Click here to read on NonProfitPRO.
A blunder is a careless mistake. It happens when you don’t 100% have a handle on what you’re doing, so taking good care becomes challenging. Have you ever blundered into disaster asking for a major gift? Let’s review the top eight blunders I have encountered.
1. Not Finding Time to Visit Personally
There’s no substitute for face-to-face contact. Whether you physically get out of the office or meet across a screen, your advantage with a visit is being able to check in with each other’s energy and body language. Smile as you talk. Maintain eye contact. Lean forward. Let your passion shine through. Passion is contagious — and you want your donor to catch it!
Also, be alert to when the donor’s energy shifts. If it suddenly turns positive, ask more about how they’re feeling now. If they seem bored about a topic, switch to a new one. Ask open-ended questions. What keeps them up at night? Is there something your organization does that can help? Help donors feel part of the solution as they take greater ownership of the problem.
2. Not Asking About Philanthropic Interests Sooner
Often a “No” means “No.” Put the topic of philanthropy on the table early to give ample time to discover donor passions. Don’t waste your entire meeting talking about something that doesn’t interest your donor. Find out what they care about most! Don’t begin with “It’s time for me to hit you up for a gift this year.” Instead try “I’m wondering what your philanthropic priorities are this year.” That way, when it’s time to ask, you can ask for a gift for that purpose.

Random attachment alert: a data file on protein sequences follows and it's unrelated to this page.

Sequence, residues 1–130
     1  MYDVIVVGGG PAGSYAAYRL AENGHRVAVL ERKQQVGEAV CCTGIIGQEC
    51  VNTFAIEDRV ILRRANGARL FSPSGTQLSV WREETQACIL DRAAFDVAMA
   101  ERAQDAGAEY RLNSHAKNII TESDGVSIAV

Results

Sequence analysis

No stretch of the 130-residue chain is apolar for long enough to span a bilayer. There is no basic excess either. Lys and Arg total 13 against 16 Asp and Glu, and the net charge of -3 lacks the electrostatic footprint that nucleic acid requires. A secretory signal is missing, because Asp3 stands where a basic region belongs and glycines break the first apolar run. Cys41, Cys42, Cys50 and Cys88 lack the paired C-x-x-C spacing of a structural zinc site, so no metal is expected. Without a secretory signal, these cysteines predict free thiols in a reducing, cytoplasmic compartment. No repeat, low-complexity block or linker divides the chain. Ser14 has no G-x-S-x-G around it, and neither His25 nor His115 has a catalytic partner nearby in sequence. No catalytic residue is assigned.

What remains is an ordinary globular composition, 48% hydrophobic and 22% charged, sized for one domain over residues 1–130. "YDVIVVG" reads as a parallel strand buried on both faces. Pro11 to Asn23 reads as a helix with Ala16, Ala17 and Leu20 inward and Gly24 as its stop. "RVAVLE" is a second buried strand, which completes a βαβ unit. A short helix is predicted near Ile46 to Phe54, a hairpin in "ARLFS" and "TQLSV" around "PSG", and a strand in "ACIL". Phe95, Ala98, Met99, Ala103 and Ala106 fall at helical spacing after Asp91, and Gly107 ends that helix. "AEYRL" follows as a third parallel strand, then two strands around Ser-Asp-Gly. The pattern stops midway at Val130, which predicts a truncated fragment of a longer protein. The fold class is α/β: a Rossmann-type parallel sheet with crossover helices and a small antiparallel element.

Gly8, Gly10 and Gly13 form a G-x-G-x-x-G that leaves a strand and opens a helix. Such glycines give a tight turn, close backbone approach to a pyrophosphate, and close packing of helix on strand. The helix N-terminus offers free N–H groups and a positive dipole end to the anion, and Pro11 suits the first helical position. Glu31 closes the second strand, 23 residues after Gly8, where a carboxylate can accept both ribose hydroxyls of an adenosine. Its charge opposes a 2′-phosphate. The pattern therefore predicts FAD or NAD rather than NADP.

Related story: 4 Steps for Fundraisers to Nail Their Next Ask
There are many directions to take a proposal you create as a jumping off place for discussion. For example, if it’s a hospital capital campaign, and you’ve ascertained the donor cares about children’s issues, discuss a range of needs for a children’s wing and related programs. See if their eyes light up with the mention of cutting-edge treatments, research, volunteer services, parent support, education or something else. Then begin penciling in ideas and offer to get back to the donor with more details and associated costs at a future visit.
3. Not Asking for a Specific Amount for a Specific Purpose
A “No” may mean “No,” “Not this amount” or “No, not absent a specific aspect of the project.” Some major donors will give where most needed, especially for single-issue charities, but many want to be able to visualize how their money is used to help. Asking for something specific makes it real.
Putting the decision in stark, black-and-white terms can help donors reach a decision more easily than a giving proposition that’s simply: “Add more money to the pot to help us with the mission.” In this way, they draw themselves into one of your charity’s most compelling stories, making themselves a hero who gives the story a happy ending. You can then report back throughout the year, keeping this story alive and reminding the donor of the joy they felt upon making the gift.
4. Not Cutting to the Chase
Go into the meeting knowing your purpose and making this purpose clear to your donor. Be clear that you plan to ask for feedback and advice, and/or discuss their philanthropic interests. I prefer to let the donor know we’re going to touch on both of these things. You don’t want to get into the realm of bait and switch where you say you’re coming just for advice and then unexpectedly ask for a gift.
Similarly, you don’t want a donor expecting an ask that never comes to feel you’ve wasted their time or, worse, they were important — or rich — enough to ask. A little small talk is swell, but remember your purpose: to secure a major gift! When you don’t meet donor expectations, they’ll feel betrayed — and you can say farewell to the trust you’ve been building over months of cultivation.